The Greatest Sorrow
The month of August is known otherwise as the month of Panagia. It is the month of her Dormition and her Ascension, for the Mother of our Lord truly ascended and was enthroned upon her heavenly throne, next to the majestic throne of her Son. Thus, becoming the queen of the heavens, the joy of the angels, the boast of the Apostles, jubilation of the Martyrs, glory and honour of the Saints, and for us, our hope and protection and unceasing mediator.
She mediates because she cares. She cares because she is our mother and the mother of our Lord. She too suffered much in her life and was greatly tempted, but her purity, patience and humility overcame all temptations. She was left an orphan at a young age, she faced the possibility of becoming a single mother due to the suspicions of Joseph (in a time when women were second-class citizens), she gave birth under difficult circumstances in a cave in the middle of winter, she became a refugee in a foreign country to flee from the manic insecurities of Herod, and having returned she lived having no luxuries in Nazareth. Furthermore, after accompanying her Son in His ministry across the rough countryside, she witnessed His unjust trial and humiliating passion. Finally, she was heartbroken at the foot of the Cross seeing her innocent child suffer a slow asphyxiating death as though He were a criminal.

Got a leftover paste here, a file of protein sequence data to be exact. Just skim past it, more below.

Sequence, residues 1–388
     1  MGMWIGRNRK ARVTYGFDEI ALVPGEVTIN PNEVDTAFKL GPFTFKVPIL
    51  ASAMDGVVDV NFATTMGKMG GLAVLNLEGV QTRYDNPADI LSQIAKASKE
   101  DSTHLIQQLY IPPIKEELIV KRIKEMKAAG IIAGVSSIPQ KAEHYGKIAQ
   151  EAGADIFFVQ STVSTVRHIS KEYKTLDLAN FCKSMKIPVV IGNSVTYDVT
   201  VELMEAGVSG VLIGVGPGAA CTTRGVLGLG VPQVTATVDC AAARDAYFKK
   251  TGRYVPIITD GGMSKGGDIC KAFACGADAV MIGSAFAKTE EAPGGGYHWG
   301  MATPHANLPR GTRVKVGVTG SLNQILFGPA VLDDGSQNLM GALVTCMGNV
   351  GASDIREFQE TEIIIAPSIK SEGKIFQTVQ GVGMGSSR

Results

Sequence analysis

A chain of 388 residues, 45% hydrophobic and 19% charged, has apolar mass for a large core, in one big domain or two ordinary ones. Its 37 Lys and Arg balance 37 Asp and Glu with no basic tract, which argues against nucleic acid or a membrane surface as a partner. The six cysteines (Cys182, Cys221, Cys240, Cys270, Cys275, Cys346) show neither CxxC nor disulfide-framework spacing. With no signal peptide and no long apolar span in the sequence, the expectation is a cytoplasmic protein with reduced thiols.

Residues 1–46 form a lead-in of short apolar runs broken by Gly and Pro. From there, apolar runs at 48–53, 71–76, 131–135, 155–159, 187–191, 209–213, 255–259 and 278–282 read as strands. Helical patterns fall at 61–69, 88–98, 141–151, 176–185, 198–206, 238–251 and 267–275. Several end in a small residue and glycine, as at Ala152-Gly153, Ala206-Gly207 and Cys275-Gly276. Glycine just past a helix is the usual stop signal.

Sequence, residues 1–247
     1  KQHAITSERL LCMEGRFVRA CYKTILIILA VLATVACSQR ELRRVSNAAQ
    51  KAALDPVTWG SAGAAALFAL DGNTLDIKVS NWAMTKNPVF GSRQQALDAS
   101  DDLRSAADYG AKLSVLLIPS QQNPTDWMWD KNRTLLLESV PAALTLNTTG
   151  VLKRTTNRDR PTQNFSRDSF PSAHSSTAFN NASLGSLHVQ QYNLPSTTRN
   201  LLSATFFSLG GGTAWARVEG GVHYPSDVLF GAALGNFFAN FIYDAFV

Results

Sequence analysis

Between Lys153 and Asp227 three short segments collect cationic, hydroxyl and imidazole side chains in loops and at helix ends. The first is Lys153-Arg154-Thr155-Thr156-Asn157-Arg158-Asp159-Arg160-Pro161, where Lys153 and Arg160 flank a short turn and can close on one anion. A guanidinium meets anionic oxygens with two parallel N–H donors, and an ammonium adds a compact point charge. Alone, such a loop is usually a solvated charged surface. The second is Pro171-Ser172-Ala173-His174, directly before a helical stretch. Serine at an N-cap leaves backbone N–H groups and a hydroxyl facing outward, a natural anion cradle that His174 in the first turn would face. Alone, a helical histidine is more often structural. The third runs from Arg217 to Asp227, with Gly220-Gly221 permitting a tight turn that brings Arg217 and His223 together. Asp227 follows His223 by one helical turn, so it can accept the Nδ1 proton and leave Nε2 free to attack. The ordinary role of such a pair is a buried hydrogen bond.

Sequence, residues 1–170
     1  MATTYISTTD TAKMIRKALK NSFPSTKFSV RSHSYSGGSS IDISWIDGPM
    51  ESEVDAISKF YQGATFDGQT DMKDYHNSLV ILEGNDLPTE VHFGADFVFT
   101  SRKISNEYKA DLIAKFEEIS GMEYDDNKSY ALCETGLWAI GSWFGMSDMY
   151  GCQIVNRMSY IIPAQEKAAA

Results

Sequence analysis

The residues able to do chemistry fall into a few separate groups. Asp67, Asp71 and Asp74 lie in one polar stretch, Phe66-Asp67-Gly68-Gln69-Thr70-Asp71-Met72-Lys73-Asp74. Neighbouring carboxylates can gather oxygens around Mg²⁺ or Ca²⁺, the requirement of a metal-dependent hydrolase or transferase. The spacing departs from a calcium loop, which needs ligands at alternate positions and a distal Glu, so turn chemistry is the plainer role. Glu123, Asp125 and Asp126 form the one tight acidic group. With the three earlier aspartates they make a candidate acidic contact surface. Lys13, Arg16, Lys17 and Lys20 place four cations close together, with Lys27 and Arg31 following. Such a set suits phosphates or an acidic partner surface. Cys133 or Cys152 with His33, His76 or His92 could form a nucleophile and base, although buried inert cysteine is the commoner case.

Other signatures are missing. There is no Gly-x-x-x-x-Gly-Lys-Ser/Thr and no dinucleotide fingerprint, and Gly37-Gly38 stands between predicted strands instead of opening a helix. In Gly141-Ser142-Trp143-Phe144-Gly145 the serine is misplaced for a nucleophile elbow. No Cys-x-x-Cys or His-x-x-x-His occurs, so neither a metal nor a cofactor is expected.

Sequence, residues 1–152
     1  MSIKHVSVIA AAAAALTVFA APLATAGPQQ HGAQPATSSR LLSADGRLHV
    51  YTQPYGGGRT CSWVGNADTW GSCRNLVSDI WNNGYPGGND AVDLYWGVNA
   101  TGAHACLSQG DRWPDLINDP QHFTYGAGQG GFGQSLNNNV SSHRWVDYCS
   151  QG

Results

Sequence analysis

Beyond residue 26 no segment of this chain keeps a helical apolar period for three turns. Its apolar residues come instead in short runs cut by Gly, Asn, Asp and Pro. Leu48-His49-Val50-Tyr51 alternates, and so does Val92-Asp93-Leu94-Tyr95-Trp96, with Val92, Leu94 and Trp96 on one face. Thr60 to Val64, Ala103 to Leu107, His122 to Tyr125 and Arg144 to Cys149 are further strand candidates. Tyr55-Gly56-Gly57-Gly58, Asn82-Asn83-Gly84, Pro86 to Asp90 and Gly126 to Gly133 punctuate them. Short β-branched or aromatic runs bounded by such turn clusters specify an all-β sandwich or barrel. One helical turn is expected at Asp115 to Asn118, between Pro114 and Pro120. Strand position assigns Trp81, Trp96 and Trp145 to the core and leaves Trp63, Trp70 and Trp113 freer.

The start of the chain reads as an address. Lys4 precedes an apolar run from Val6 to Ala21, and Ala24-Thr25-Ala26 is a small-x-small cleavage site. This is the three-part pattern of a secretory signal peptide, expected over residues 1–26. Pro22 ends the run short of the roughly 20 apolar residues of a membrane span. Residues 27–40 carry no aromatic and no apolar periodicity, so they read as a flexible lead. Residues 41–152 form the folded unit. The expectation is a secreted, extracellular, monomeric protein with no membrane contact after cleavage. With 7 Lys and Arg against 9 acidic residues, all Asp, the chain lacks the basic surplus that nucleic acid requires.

She truly felt the greatest pain a mother could feel simply because no other mother before or after her would ever raise a child like Jesus – full of virtue, always obedient, submitting to her in all things. This pain is captured in the icon of Panagia Thrinodousa (pictured; Gr. Θρηνώ – to mourn). But the greatest sorrow that Our Lady the Theotokos feels is when she is unable to help those who need her most, the people who do not appreciate the magnitude and significance of the sacrifice her Son made for them.
Most people walk the path paved by the enemy of mankind – willingly or unwillingly. They are seduced by his prideful flatteries, lustful desires and materialistic indulgences, most being completely unaware or ignorant of Satan’s grasp on their soul. And so, while they refuse to accept it with their mind, their works, acts and deeds clearly indicate who they honour and to whose will they remain blindly obedient. Thus, having rejected Christ as Lord and Saviour, the intercessions of the Theotokos for such people remain fruitless – this being the cause of her greatest sorrow.
Once again, we celebrate the Feast of the Dormition. Once again, we have the opportunity to come near to the icon of Panagia and implore her to forgive us for the pain we have caused her and her Son. To repent and run to confession, to attend a Paraklisi service and to make that necessary change which is bringing Panagia so much sorrow. Let us therefore make the most of the time we have before us to sweeten her glance, resting assured that her intercessions will bring us many joyful blessings.
Source: Lychnos August / September 2017